DataLook for Non-Techies
Are you a city official, nonprofit manager or someone else who believes in the power of data but you don’t know how all this works?
DataLook is a directory of replicable data-driven projects for social good where data do-gooders around the world can find inspiration how to use data and technology to address tough social challenges. While the individual projects are inspiring on their own, we love to see things scale and wondered how much the impact of an individual project would grow if its solution was replicated in a new city or repurposed to address a new issue.
We are showcasing projects from preventing food poisoning with predictive analytics to helping pets get adopted faster by scraping and republishing open data. Our success stories can potentially save cities or other organizations a lot of time and money (see below). Check out the different tags here on the right to find the right projects.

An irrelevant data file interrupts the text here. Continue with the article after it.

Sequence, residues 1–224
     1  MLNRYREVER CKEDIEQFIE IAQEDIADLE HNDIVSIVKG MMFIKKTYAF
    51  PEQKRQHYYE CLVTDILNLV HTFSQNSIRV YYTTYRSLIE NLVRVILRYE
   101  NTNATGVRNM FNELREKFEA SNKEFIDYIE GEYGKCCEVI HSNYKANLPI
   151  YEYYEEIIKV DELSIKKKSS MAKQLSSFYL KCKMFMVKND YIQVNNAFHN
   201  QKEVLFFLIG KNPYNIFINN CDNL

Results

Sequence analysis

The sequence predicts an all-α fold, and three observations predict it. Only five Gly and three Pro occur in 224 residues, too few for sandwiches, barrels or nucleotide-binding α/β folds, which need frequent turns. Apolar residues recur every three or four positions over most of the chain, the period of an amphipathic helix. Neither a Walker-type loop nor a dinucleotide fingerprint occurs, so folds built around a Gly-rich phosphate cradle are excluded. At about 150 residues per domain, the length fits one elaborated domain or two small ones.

You want your city/organization to benefit from data, too? But you don’t know how things like “predictive analytics” and “scraping” work? Don’t worry. You are not alone. The good news is that there are thousands of data and tech savvy people out there eager to help you. The tricky part is to meet them. But we can maybe help.
Don’t know how to replicate our featured projects? Get in touch with us –>
We will try to find a solution for you: We introduce you to volunteers in our chat channel, we organize an online or offline replication hackathon or brainstorm about an individual solution.
(header image: lavenir.net – screenshot of FixMyStreet)
Allows citizens to subscribe to new legislation, to contextualize legislation and evaluate legislation.
Twitter bot for animal shelters that increases the likelihood that potential adopters find adoptable animals.
Allows citizens to claim responsibility for shoveling out fire hydrants after heavy snowfall.
Records bicycle trips and provides data to regional transportation planners to make Philly a better place to ride.
Helps reducing food waste through donation and composting resources.
Maps child-wellbeing based on publicly available data.
Connects homeless and low-income residents with critical and life-saving resources nearby.
Allows citizens to report, view, or discuss local problems.
Predicts food establishments most at risk for the types of violations most likely to spread food-borne illness.
Searches tweets related to food poisoning and directs the possible victims to a 311-service form.